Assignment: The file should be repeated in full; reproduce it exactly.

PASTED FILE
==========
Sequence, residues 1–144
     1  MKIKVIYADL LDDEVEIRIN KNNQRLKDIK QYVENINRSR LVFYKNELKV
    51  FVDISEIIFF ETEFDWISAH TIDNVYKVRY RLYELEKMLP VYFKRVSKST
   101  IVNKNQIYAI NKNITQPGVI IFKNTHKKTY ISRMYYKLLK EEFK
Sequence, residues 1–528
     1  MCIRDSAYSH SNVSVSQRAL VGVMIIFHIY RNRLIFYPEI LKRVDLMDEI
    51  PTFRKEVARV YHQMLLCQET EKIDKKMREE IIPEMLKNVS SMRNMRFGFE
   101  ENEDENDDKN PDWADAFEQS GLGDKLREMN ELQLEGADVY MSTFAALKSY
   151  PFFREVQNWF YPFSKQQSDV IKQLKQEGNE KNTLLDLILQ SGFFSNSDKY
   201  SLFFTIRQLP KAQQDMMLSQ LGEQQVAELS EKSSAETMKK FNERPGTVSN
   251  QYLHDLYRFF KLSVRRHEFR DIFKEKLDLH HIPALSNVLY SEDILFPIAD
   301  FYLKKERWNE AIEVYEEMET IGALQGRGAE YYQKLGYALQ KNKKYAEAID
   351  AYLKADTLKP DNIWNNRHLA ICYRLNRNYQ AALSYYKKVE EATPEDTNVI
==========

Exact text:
Sequence, residues 1–144
     1  MKIKVIYADL LDDEVEIRIN KNNQRLKDIK QYVENINRSR LVFYKNELKV
    51  FVDISEIIFF ETEFDWISAH TIDNVYKVRY RLYELEKMLP VYFKRVSKST
   101  IVNKNQIYAI NKNITQPGVI IFKNTHKKTY ISRMYYKLLK EEFK
Sequence, residues 1–528
     1  MCIRDSAYSH SNVSVSQRAL VGVMIIFHIY RNRLIFYPEI LKRVDLMDEI
    51  PTFRKEVARV YHQMLLCQET EKIDKKMREE IIPEMLKNVS SMRNMRFGFE
   101  ENEDENDDKN PDWADAFEQS GLGDKLREMN ELQLEGADVY MSTFAALKSY
   151  PFFREVQNWF YPFSKQQSDV IKQLKQEGNE KNTLLDLILQ SGFFSNSDKY
   201  SLFFTIRQLP KAQQDMMLSQ LGEQQVAELS EKSSAETMKK FNERPGTVSN
   251  QYLHDLYRFF KLSVRRHEFR DIFKEKLDLH HIPALSNVLY SEDILFPIAD
   301  FYLKKERWNE AIEVYEEMET IGALQGRGAE YYQKLGYALQ KNKKYAEAID
   351  AYLKADTLKP DNIWNNRHLA ICYRLNRNYQ AALSYYKKVE EATPEDTNVI